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  • Carol Burris, Network for Public Education

Senate Sneaks Vouchers Back In

After having their voucher bill defeated, the pro-voucher Texas senate has now attached its voucher bill to school funding!

Send your email to your representatives and tell them to VOTE NO for CSHB 21 today.

You can send it here.

Then call your state senator and state representative and ask them to oppose CSHB 21 (Committee Substitute House Bill 21). You can find their Austin phone numbers here.

Below is what Pastors for Texas Children has to say about this voucher bill.

We oppose this voucher on the following grounds:

ESA’s takes taxpayer funds directly from public schools and provides no real funding.

With money coming directly from the Foundation School Program, ESA’s siphon money directly from public schools and divert it to be used in private, religious and home schools. Aside from the 450,000 special education students in Texas, the inclusion of 504 students opens the door for any student with a “life impairment” (e.g. asthma, ADHD, anxiety, etc.) and could cost billions of dollars. Besides, the current Senate budget does not fund CSHB 21 and doesn’t provide any real funding for Texas public schools. With Texas public schools already being underfunded, Texas can’t afford the voucher in CSHB 21.

ESA’s violate the separation of church and state and the first amendment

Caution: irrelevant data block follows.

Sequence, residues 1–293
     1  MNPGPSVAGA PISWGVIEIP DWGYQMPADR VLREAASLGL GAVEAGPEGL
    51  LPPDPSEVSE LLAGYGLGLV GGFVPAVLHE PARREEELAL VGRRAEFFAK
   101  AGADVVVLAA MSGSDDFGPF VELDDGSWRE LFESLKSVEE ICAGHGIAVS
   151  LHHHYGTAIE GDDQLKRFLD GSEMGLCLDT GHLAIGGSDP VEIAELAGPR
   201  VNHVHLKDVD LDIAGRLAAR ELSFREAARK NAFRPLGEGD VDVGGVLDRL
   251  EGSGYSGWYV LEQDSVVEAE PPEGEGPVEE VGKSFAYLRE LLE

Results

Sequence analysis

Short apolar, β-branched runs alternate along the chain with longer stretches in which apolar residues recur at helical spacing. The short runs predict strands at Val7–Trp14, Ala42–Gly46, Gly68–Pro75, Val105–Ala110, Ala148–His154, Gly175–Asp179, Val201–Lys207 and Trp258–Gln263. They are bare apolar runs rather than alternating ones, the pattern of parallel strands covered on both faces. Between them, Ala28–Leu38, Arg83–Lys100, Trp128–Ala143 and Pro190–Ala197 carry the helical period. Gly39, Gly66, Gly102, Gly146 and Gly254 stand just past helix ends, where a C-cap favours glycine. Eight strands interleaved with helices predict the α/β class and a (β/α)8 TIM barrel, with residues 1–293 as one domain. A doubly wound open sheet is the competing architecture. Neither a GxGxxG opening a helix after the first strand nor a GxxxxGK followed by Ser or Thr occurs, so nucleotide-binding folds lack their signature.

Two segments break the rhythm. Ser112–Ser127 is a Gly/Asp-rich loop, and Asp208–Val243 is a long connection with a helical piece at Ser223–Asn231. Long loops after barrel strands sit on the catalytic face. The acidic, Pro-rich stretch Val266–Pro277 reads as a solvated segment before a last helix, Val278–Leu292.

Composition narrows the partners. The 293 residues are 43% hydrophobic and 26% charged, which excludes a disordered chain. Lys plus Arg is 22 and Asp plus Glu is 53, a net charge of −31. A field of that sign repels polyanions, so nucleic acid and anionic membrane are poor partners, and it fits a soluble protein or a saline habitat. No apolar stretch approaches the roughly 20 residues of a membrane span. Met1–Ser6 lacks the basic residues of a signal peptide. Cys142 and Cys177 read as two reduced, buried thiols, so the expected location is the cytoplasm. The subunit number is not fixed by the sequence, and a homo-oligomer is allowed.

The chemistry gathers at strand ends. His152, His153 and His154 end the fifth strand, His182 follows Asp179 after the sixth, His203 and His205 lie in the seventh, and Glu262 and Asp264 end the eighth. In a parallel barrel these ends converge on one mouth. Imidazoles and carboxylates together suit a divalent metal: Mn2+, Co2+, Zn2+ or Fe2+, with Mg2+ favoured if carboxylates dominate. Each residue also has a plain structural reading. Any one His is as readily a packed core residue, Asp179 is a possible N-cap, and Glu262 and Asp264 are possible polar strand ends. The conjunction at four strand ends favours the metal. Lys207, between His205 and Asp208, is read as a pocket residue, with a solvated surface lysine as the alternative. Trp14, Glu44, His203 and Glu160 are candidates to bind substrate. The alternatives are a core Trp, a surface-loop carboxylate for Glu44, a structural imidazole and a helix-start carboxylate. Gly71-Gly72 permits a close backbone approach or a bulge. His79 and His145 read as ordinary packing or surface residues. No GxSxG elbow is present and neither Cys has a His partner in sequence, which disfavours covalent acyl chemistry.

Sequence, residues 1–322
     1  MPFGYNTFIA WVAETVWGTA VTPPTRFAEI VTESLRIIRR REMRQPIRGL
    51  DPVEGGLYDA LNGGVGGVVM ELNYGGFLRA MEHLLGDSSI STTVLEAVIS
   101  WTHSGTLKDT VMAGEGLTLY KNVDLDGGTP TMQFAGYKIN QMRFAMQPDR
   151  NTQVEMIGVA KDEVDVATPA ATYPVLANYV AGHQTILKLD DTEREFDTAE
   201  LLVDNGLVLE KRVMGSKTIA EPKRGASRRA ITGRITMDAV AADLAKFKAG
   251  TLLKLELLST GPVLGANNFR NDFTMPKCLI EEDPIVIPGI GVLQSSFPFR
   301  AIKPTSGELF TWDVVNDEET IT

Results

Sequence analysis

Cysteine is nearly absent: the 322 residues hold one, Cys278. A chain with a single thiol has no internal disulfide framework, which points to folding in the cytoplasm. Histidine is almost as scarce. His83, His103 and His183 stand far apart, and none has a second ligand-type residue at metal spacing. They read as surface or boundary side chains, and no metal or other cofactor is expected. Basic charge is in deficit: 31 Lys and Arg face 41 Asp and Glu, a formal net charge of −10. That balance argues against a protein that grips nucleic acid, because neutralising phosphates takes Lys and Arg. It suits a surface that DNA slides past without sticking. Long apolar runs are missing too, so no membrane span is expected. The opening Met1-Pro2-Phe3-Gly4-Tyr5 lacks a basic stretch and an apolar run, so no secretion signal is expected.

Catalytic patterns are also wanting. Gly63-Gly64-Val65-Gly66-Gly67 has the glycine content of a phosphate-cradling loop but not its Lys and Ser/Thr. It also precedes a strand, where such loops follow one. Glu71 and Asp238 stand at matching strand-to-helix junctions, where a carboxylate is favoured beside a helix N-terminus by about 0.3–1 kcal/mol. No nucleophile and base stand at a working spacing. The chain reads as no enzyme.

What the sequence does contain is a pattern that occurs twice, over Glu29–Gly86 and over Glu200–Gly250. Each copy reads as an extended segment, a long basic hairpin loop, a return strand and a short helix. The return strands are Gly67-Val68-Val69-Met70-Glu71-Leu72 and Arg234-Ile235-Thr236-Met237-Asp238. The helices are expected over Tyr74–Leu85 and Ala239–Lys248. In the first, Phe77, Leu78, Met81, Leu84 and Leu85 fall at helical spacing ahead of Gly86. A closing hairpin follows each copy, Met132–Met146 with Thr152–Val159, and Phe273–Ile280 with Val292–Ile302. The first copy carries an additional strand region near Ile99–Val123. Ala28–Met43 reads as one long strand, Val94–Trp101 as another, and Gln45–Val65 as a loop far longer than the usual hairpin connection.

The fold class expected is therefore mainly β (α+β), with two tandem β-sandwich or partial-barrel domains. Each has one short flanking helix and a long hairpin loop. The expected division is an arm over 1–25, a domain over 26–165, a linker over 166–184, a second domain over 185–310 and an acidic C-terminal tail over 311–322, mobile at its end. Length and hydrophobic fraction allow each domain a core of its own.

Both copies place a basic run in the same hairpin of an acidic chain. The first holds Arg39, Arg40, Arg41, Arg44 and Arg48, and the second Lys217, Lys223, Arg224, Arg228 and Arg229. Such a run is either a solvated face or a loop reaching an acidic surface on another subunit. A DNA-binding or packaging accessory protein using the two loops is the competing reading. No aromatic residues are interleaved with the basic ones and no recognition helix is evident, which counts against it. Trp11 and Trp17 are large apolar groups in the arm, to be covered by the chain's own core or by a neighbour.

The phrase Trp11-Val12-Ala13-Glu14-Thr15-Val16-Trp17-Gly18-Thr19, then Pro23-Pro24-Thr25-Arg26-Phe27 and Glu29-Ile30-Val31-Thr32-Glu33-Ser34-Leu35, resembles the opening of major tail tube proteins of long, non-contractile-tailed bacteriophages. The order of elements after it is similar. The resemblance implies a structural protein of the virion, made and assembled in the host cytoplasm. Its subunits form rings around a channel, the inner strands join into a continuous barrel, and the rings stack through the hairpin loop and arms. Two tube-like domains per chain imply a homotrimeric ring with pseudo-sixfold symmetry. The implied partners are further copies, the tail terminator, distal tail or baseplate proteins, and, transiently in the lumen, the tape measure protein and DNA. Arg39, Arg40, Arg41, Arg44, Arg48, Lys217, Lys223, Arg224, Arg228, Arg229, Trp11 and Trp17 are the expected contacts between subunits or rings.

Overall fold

CSHB 21 provides monies that can be used in any private or religious school. Earlier ESA’s that this was modeled from provided no disallowance for religious content or services. Taxpayer funds used for religious content or services violates the first amendment.

Parents and students give up their federal protections under ESA’s

Students with disabilities in special education receiving a voucher under CSHB 21 would give up their federal protections upon exiting the public school. This includes their rights to due process under admissions, review and dismissal (ARD) committees and other federal protections.

No accountability under ESA’s

Private and religious schools that would access taxpayer dollars through CSHB 21 are not accountable to the state in the same way as public schools. CSHB 21 would allow these schools to receive taxpayer monies while not meeting the same curriculum nor fiscal requirements of a Texas public school. Texans overwhelmingly believe that schools that receive tax dollars should be accountable for how they are spent, but the schools that receive vouchers would not be accountable to taxpayers."

Send your email today. And make sure you follow up with a phone call.

Thank you,

Carol Burris

Network for Public Education


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